|Abercrombie & Fitch||Baby Phat||Ed Hardy||Juicy Couture||Lacoste||Le Tigre||Miss Me||Naked Wolfe||True Religion||Von Dutch|
For Y2K fashion at its finest, look no further than the mini skirts, velour tracksuits and baguette bags sported by Regina George in “Mean Girls” or Elle Woods in “Legally Blonde.”
These iconic early 2000s films are windows back into the Y2K aesthetic, a candy-colored, playful logomania-led style that reigned from the late ’90s to the mid-2000s. Two decades after its birth, the Y2K style trend — in all its bedazzled glory — is making a comeback.
What Is Y2K Fashion?
Born in an era of extravagance and pop culture worship, Y2K — or year 2000 — fashion is loud and over-the-top. Led by style icons like Destiny’s Child, Britney Spears and Paris Hilton, the trend is characterized by baby doll tees, cardigans, front-tie shirts, low-rise pants, wide-leg denim, and hot pink everything.
Now that we’ve answered the burning question, “What is Y2K fashion?” let’s discuss its decline and triumphant modern-day return. Y2K fashion was essentially dispelled in the early 2010s when the industry embraced a more minimalist aesthetic in a pushback against consumer culture and excessive advertising.
But around 2020 or so, the Y2K trend began to resurface as millennials started revisiting the nostalgic styles of their youth and younger generations began looking for opportunities to repurpose vintage pieces from the era.
Happily, the nostalgia-driven comeback has a few modern updates, ditching the fixation on skinniness and consumerism while embracing inclusivity, individuality and more sustainable manufacturing practices. The movement is getting a fresh spin from celebs like Rico Nasty, Saweetie and BTS and on TV shows like “Euphoria.”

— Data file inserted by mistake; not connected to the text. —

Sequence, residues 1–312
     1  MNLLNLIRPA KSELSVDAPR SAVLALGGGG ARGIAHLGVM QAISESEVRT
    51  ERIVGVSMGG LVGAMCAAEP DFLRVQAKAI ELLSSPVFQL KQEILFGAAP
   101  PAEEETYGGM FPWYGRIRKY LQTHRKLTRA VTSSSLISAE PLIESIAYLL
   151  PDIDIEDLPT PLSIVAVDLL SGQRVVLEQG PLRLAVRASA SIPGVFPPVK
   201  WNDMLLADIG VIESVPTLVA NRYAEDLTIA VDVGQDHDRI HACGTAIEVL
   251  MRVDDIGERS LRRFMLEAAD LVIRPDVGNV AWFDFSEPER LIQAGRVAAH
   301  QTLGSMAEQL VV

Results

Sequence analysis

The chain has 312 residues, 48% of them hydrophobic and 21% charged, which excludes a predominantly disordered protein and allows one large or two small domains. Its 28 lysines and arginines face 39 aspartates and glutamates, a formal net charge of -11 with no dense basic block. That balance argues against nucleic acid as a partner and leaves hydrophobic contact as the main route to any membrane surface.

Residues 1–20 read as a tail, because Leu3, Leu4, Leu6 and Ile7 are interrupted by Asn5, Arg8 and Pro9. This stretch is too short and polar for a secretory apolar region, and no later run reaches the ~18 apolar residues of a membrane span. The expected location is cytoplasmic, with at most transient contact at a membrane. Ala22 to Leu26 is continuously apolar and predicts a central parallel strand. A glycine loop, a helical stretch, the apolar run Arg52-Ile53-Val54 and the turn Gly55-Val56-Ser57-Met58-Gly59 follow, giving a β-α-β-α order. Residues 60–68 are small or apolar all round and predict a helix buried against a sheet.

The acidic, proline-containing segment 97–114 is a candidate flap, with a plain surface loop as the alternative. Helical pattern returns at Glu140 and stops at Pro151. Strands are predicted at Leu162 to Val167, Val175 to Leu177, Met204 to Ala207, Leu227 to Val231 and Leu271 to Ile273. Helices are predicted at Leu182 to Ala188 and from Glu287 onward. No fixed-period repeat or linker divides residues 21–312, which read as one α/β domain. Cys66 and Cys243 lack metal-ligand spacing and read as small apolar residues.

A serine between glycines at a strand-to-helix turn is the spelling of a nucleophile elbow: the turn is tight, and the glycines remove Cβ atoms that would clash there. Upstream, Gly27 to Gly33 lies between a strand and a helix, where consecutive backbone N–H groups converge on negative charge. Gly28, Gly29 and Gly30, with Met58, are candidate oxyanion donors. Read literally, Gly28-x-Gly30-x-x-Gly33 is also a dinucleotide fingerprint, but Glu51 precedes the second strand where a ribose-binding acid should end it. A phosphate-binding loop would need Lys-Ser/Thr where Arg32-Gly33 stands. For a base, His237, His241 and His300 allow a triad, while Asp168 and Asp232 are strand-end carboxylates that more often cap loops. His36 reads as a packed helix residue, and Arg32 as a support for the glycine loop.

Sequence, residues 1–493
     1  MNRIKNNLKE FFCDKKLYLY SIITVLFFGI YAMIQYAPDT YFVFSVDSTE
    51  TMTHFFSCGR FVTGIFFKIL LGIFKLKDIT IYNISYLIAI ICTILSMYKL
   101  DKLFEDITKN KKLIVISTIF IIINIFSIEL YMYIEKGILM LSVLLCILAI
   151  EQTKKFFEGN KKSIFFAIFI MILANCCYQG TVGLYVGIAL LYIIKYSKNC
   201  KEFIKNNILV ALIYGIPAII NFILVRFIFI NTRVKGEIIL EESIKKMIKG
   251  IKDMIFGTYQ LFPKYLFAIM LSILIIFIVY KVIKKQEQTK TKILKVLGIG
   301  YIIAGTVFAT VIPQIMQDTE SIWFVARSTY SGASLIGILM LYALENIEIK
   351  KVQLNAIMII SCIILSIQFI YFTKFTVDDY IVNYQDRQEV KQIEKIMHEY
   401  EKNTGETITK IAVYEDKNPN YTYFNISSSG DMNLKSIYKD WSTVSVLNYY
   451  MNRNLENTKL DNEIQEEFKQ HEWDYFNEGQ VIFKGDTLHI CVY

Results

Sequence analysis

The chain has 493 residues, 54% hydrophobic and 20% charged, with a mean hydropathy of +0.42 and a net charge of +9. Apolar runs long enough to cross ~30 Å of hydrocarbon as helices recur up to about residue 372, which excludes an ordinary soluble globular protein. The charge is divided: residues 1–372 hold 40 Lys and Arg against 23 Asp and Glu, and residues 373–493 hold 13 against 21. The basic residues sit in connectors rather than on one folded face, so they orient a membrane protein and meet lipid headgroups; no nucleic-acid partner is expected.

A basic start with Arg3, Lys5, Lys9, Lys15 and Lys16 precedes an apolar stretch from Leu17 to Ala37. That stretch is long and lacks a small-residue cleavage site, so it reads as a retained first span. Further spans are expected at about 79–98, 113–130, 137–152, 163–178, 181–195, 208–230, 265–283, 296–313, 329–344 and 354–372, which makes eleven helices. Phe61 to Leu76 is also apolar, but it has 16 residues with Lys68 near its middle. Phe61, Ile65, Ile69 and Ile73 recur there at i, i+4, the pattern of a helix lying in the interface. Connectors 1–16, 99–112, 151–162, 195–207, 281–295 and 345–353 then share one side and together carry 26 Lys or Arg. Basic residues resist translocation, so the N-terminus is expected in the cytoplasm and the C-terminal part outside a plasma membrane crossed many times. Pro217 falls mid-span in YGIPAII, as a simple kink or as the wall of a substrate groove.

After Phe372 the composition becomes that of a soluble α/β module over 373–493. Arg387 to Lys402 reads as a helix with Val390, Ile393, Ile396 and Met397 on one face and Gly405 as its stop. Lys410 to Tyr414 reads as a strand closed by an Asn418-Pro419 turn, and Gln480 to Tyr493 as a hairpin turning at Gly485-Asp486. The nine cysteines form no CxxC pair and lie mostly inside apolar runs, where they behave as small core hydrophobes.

The return of 2000s fashion has brought back some familiar faces — as well as plenty of new Y2K-inspired players, although some brands like Tommy Girl have yet to be resurrected. Here are the Y2K clothing stores leading the 2023 revival:
If there is one outfit that epitomizes Y2K style, it’s the Juicy Couture’s velour tracksuit. Originally championed by celebs like Paris Hilton and Kim Kardashian, these cozy-but-sexy Y2K outfits are reemerging among Gen Zers who weren’t old enough to remember its heyday.
Following a decline in sales after the 2008 recession, Juicy Couture — now owned by Authentic Brands Group — is getting a second life through collaborations with brands like Ganni and on vintage sites like Depop and Poshmark.
The brand has tapped into the heritage of the beloved velour tracksuit, recreating the two-piece ensemble with a sustainable twist. This time around, the timeless Y2K outfits are made from certified organic and pre-consumer recycled cotton and polyester. Plus, juicycouture.com has a preloved collection called Rejuiced, where you can shop and sell your beloved JC merch.
In the early 2000s, True Religion was arguably one of the hippest denim brands. Fergie even immortalized the Y2K jeans in the Black Eyed Peas song “My Humps.”
“Whether I ain’t askin’ / They say they love mah ass in/ Seven jeans/ True Religion.”
As rapidly as True Religion rose to fame, however, it fell. In 2013, the brand was purchased by TowerBrook Capital, and by 2017, the brand had filed for bankruptcy. But in 2020, True Religion made an impressive bounceback, largely thanks to a collaboration with streetwear brand Supreme.
True Religion’s new Y2K jeans feature recognizable features like contrast stitching, horseshoe pockets and logos, but with Supreme updates like pink mineral washes and camo prints. In addition to Supreme, True Religion partnered with a number of smaller names — like designer Madeline Kraemer and choreographer Kida the Great. The brand has also drafted supermodel Bella Hadid as the face of the brand and debuted a collaboration with the UK football team Manchester United.
Like Juicy Couture, True Religion is minimizing its environmental impact, drafting criteria for factory partners in Mexico, China, Vietnam and India to ensure fair labor and sustainable practices.
Ed Hardy, a brand known for its trucker hats and graphic tees, is another one of the Y2K clothing stores enjoying a revival. Drawing old and new fans alike, the fashion label is emblazoning new products with the original tattoo-inspired artwork from the late Don Ed Hardy.